What's the Buzz with ATTTA # 7 All about blueberry maggot & planting bee forage.

Friday 24 July 2020

Blueberry Maggot

Figure: Yellow coloured sticky traps for monitoring blueberry maggot

As the adult Blueberry maggot (BM) (Rhagoletis mendax) emerge with the first ripening of the berries in late June to mid July , monitoring for this significant pest becomes important. One to two weeks after emergence the adult females mate and lay one egg per berry and the developing BM consumes the pulp of the berry causing it to collapse. Infested fields will have an abundance of fruit on the ground, punctures holes will be visible on the skin of berries and collapsed berries will be common.

For monitoring, yellow coloured sticky traps are placed one per acre, in sheltered areas plentiful with blueberries, suspended from a rod about 10-15 cm above the blueberry plant, (Figure). Traps should be check three times a week. If an average of six or more BMs are found on all the traps in a field during a single visit or an average of the cumulative total of ten flies or more are captured on all the traps in more than one visit, actions should be taken to reduce crop loss. If thresholds are exceeded, but no fruit has ripened in the field, there is no immediate danger of fruit infestation.

For more information, please visit the factsheets in WBPANS website:(https://www.nswildblueberries.com/members/factsheets/download?path=fruitfly.pdf
and the Canadian Food Inspection Agency:

More information or questions, contact:
Hugh Lyu, Wild Blueberry Specialist, Perennia Food and Agriculture Inc.
Email : hlyu@perennia.ca; Mobile : 902-890-0472

Start planting, stop mowing, that’s not a weed!

Honeybees rely on nectar and pollen for healthy colonies. In some areas, lack of bee forage during certain times of the season creates a challenge for beekeepers to maintain colony health and to yield a sufficient honey crop. Agriculture crops, such as wild blueberries, are only in bloom for a short period, and do not provide the diversity of pollen and nectar that is crucial for bee health. Some farmers, beekeepers and friends of pollinators are helping honeybees and native pollinators by planting and/or preserving fields with flowering plants that are beneficial to bees. The aim is to improve nutrition throughout the season, improving colony health, while also increasing honey yield. It is important for beekeepers to maintain yearly records of the forage availability near their apiaries and if needed, consider the possibility of planting or preserving additional forage to support their buzzing livestock. Spreading the word about creating additional pollinator resources generates a buzz in both people and bee communities!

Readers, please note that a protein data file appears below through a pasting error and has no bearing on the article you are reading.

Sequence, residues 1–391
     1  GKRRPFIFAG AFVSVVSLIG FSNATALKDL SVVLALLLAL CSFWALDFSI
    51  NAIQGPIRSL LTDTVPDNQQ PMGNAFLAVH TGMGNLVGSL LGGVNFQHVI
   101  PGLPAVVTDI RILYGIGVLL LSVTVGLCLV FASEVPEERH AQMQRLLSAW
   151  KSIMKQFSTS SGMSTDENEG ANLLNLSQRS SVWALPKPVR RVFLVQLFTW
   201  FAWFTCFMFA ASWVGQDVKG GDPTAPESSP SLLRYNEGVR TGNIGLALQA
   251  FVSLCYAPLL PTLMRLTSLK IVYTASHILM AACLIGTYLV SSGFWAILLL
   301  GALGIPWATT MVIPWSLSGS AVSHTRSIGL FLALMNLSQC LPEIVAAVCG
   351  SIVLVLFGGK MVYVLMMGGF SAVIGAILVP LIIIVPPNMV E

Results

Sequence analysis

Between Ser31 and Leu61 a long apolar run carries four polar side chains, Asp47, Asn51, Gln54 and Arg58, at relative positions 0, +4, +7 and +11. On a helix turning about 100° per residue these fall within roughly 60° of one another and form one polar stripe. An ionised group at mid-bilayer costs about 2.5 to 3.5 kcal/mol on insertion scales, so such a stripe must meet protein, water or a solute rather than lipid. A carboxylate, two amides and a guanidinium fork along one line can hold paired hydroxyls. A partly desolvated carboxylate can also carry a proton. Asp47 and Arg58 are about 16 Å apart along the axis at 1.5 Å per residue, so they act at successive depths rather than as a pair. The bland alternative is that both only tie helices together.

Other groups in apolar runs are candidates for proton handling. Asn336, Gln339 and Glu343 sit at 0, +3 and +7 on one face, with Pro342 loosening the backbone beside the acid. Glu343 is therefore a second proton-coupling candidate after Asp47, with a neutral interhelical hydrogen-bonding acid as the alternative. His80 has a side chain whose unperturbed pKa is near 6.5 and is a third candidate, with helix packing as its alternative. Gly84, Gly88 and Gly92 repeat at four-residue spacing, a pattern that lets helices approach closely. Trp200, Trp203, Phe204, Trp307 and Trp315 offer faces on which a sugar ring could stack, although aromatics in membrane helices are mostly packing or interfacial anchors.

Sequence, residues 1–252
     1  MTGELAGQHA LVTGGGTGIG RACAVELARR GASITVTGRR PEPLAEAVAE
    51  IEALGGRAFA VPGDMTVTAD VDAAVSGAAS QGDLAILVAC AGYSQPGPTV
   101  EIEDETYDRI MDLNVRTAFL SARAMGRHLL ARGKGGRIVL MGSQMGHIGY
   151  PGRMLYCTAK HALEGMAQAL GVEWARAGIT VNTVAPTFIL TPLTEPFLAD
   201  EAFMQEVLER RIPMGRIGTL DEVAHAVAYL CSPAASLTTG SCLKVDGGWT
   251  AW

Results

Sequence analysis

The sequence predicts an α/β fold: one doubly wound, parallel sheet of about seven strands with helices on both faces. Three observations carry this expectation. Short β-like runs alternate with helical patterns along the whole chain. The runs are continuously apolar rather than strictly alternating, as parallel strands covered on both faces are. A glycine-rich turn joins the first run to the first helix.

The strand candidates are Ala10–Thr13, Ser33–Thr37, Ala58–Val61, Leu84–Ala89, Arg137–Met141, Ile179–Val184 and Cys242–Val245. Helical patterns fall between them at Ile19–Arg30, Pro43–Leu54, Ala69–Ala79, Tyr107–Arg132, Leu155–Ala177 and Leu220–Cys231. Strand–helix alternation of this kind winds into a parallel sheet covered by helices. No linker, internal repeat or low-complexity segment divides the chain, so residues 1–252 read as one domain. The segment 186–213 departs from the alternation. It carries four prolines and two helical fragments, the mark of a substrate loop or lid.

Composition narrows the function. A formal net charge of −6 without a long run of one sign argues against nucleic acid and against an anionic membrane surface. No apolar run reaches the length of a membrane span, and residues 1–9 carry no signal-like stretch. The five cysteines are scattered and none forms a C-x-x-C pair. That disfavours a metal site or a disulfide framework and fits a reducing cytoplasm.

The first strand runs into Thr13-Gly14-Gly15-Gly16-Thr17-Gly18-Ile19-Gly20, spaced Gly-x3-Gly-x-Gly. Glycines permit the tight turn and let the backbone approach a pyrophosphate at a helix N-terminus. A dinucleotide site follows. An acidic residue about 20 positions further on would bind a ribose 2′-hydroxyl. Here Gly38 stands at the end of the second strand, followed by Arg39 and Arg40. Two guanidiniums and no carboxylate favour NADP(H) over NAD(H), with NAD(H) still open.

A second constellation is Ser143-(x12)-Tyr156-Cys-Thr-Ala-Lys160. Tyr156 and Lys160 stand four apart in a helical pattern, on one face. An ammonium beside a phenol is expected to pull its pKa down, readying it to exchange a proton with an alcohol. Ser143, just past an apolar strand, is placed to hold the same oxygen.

Dr. Nancy McLean and Dr. Robyn McCallum identified some useful plants families that are best for pollinators (mustard family, legumes, and rose family) and a pollinator mix was developed - 10% Timothy, 10% Alsike clover, 20%, Red clover, 20% Sweet clover, 20% Birdsfoottrefoil, and 20% Phacelia (% by wt.). For more information about the pollinator mix, contact the ATTTA.

A planting guide was also produced by Pollinator Partnership Canada which lists many plant species that can be useful for honeybees, their bloom times, and those that may yield a honey crop. The full planting guide is available on the following link: https://pollinatorpartnership.ca

Check out what these PEI potato farmers are doing to not only increase pollinator habitat but to also improve their soil and future crops of potatoes.

Connecting with ATTTA Specialists
If you’d like to connect with ATTTA specialists or learn more about our program, you can:
·       Visit our website at https://www.perennia.ca/portfolio-items/honey-bees/
·       Email abyers@perennia.ca

Thanks for following along with our blog and keeping up with the ATTTA buzz & don't forget to subscribe!